After 20 minutes, the groups posted their flip chart lists on the walls, and 1 student from each group was selected to present his/her findings. The "ripped from the headlines" case studies were reviewed, and students were told the details as presented in the news articles, journal, or videotaped interview. Our patient cases included 2 nail gun injuries, the spinal cord injury noted above and a football injury that resulted initially in spinal cord damage, and the errant nasogastric tube. Although all pertinent medical information was not available for all cases, students were able to state what else they would need to know, or would like to know, to develop an individualized plan of care. Headlines used in this activity can be found in Figure 1.

Figure 1 - Click to enlarge in new windowFigure 1. "Headlines" used in this activity.

Putting It All Together

By posting the assessments, anticipated laboratory tests, expected "next steps," nursing priorities, and potential complications, students made the connection that many of the assessments and priorities were the same across all neurological conditions. Students could link their knowledge of meningitis and seizures as complications to the traumatic injuries. By the end of the session, Cushing triad became something relevant to be alert for, not something else to memorize for the NCLEX-RN. The rationale for not placing a nasogastric tube in patients who have had a transsphenoidal resection (content that was covered previously in the endocrine unit) or a basal skull fracture became readily apparent.


No formal outcome measures were collected (ie, unit examination scores). Students were engaged throughout the activity, and many requested that we "do something like that again." It should be noted that case study-centered discussions in both large- and small-group formats were not new to this group of students. The use of these stories of real people, with accompanying photographs and graphic when available, resulted in an apparent higher level of engagement than the use of standard case studies. Clinical instructors reported that students had told them about the activity and wanted to continue some of the discussions-most notably, nasogastric tube placement and verification of placement. Throughout the discussion portion, students and the instructor were able to link content from the guest speaker's lectures to the case studies. Students reported that these case studies helped them identify key concepts and relieved some of their anxiety related to studying for the unit examination. Two smaller subsequent classes (N = 64) of accelerated BSN students have had the same responses to the activity. A literature search for related information (eg, number of nail gun injuries) before class yielded additional information to share with students to round out the activity and to link the activity to evidence-based practice (eg, proper procedures to verify nasogastric tube placement).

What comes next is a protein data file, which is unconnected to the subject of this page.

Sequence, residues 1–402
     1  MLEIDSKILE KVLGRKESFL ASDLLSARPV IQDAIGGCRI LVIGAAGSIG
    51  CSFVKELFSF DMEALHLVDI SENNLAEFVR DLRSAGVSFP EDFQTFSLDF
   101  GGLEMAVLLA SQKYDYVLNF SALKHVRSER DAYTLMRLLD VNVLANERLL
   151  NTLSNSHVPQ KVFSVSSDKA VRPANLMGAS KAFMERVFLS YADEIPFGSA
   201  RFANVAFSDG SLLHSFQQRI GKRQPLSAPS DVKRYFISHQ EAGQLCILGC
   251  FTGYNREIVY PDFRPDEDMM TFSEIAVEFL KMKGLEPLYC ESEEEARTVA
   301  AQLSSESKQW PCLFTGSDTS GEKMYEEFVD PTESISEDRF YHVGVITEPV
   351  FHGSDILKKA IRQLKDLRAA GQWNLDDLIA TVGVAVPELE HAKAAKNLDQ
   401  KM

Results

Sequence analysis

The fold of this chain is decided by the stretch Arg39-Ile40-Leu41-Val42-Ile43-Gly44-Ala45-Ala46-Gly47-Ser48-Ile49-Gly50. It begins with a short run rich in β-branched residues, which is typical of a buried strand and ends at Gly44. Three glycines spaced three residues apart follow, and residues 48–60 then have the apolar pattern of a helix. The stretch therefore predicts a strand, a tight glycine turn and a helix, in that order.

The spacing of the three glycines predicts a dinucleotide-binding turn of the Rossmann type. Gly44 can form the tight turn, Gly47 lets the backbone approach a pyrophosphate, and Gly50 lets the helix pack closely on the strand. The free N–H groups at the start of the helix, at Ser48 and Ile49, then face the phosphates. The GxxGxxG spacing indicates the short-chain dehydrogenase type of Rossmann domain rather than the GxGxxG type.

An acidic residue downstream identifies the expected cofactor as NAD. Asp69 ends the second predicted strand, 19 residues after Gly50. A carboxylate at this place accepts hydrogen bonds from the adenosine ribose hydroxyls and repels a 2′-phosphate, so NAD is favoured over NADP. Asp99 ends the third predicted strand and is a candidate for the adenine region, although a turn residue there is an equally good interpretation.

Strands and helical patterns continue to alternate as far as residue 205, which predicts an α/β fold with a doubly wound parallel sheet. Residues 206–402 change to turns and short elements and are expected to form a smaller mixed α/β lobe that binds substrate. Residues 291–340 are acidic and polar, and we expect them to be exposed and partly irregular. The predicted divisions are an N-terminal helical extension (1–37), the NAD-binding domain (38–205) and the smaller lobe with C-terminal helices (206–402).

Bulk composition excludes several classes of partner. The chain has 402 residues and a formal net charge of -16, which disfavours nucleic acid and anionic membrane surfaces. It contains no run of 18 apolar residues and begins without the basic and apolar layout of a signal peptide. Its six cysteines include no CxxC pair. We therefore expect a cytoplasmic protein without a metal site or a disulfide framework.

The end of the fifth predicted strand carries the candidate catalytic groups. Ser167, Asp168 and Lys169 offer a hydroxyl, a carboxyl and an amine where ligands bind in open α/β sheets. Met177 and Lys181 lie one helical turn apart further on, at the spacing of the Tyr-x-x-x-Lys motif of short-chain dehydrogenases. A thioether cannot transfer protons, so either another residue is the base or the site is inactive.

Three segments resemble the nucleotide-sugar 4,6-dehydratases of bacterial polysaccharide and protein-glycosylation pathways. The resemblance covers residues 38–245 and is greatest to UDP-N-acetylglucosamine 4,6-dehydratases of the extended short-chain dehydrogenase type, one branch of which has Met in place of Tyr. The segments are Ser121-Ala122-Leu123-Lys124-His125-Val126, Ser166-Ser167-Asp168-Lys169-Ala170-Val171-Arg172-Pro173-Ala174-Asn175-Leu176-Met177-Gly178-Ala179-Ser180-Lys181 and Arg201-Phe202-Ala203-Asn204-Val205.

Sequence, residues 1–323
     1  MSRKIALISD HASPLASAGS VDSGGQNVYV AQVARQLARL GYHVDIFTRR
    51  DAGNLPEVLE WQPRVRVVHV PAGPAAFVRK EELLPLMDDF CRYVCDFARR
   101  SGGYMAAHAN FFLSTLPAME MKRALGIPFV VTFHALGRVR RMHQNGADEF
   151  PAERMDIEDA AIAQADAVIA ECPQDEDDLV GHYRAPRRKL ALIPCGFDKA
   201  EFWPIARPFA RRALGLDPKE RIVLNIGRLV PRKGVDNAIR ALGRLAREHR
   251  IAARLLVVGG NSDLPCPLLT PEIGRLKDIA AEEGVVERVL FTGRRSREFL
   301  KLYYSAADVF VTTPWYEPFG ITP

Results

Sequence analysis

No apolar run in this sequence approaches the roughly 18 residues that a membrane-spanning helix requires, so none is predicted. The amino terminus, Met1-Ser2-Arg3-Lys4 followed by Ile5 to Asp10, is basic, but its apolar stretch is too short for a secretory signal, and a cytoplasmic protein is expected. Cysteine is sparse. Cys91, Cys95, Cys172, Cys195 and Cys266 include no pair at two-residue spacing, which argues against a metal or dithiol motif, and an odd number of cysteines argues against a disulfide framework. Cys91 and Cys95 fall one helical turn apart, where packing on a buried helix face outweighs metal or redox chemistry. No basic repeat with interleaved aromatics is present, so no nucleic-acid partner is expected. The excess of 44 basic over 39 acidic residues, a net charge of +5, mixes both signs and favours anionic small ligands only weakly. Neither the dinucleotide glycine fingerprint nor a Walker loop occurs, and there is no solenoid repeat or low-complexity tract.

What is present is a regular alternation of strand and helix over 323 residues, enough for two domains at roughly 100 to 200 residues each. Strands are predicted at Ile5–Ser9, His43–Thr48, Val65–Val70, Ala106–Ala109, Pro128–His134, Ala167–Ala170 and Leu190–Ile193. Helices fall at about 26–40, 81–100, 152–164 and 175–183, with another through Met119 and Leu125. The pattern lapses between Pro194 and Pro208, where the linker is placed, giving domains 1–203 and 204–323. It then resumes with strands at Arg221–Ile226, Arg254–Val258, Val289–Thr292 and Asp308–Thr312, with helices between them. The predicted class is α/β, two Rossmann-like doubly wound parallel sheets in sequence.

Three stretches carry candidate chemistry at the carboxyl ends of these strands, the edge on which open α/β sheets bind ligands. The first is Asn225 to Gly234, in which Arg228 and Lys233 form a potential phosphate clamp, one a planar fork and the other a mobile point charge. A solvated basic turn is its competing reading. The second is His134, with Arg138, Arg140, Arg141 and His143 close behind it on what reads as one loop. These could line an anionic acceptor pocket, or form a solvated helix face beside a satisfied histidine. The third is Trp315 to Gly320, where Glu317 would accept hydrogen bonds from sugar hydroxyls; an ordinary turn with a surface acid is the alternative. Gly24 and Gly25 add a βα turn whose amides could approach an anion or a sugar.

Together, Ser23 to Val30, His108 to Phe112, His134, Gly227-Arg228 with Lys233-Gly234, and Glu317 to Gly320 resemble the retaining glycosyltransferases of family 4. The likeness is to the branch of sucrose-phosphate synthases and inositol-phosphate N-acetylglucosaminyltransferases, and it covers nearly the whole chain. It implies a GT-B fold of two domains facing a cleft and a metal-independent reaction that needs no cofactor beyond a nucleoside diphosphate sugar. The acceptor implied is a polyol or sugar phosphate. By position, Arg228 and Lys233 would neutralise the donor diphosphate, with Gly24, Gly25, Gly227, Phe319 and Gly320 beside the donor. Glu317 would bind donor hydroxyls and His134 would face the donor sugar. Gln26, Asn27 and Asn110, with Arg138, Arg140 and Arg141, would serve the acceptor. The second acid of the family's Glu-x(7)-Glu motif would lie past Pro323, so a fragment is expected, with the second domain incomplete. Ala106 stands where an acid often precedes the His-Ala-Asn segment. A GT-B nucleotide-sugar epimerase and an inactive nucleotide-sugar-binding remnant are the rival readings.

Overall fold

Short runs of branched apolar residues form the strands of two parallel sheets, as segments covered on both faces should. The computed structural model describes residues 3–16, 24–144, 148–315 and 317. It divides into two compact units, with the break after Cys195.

Generational differences and various learning style preferences are prevalent in our diverse student body. Using case studies found in "real life" may be one way to further engage our learners and assist them in understanding complex content.




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4. Associated Press. Miracle recovery: nail gun fires in man's head. The Gilroy Dispatch. May 6, 2004. [Context Link]